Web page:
Bizarre observation

I was hiking near Lake Chaplain on Sunday and found the strangest horsetail specimen I have ever seen. The specimen appeared to be a E. telmateia stem with both fertile and sterile characteristics. Specifically, it appeared to have a stem with branches (typically on sterile stems) and a strobilus (typically on fertile stems). Images of the specimen can be found here:

I have three questions that are uniquely relevant to this group.

1. Is the E. telmateia? E. sylvaticum can have morphology like this, but this observation is extremely unlikely to be that species?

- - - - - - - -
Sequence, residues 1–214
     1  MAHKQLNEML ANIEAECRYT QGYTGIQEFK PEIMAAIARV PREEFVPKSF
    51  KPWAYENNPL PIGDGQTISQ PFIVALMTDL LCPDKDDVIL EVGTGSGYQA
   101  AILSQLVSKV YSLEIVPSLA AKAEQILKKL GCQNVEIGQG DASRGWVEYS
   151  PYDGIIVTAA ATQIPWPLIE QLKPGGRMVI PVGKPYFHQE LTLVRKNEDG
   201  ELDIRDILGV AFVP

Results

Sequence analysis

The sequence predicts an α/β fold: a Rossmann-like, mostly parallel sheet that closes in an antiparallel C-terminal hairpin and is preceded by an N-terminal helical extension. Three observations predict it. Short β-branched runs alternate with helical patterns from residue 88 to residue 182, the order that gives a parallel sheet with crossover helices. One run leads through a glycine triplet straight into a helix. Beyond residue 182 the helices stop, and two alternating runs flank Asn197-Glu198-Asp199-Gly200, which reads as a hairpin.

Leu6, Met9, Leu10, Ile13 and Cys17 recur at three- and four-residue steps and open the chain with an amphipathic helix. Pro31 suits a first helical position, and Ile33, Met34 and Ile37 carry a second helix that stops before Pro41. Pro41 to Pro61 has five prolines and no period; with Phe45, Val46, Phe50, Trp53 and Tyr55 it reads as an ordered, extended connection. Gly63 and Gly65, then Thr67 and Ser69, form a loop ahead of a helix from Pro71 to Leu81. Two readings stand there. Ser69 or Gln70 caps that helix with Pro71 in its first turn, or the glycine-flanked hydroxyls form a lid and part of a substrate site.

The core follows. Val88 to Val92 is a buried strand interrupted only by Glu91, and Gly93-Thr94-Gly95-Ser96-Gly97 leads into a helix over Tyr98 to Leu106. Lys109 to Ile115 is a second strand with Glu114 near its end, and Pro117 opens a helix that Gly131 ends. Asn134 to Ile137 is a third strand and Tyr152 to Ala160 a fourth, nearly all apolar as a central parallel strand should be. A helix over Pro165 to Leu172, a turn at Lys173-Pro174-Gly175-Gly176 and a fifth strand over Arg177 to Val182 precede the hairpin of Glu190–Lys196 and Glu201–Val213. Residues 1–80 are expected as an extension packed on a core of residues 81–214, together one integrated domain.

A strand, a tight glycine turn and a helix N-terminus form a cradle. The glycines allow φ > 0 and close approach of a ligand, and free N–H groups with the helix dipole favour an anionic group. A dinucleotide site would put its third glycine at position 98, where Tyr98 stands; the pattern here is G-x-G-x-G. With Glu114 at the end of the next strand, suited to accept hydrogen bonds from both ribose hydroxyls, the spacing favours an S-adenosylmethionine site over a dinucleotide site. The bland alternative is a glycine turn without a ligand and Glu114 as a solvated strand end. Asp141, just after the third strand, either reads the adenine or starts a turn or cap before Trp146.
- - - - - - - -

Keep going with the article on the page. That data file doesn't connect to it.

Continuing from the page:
2. Is this something that is natural? An odd mutation? A confused E. telmateia?

3. Do you have any recommendations for cataloging other kinds of morphology in a consistent manner? This specimen doesn’t neatly fall into the three “Sterile”, “Fertile”, and ...more ↓

Posted on June 11, 2019 07:04 by spacecowboy spacecowboy | 2 comments | Leave a comment
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This project was mostly made to overcome some limitations of documenting horsetail morphology in the iNaturalist website. Phenology and sex are currently recorded for flowering plants, but the same functionality is not available for non-flowering taxon like horsetails. This project will set a *standard* for documenting this morphology and other variables.

To participate in this project, ...more ↓

Mini spacecowboy created this project on April 28, 2018

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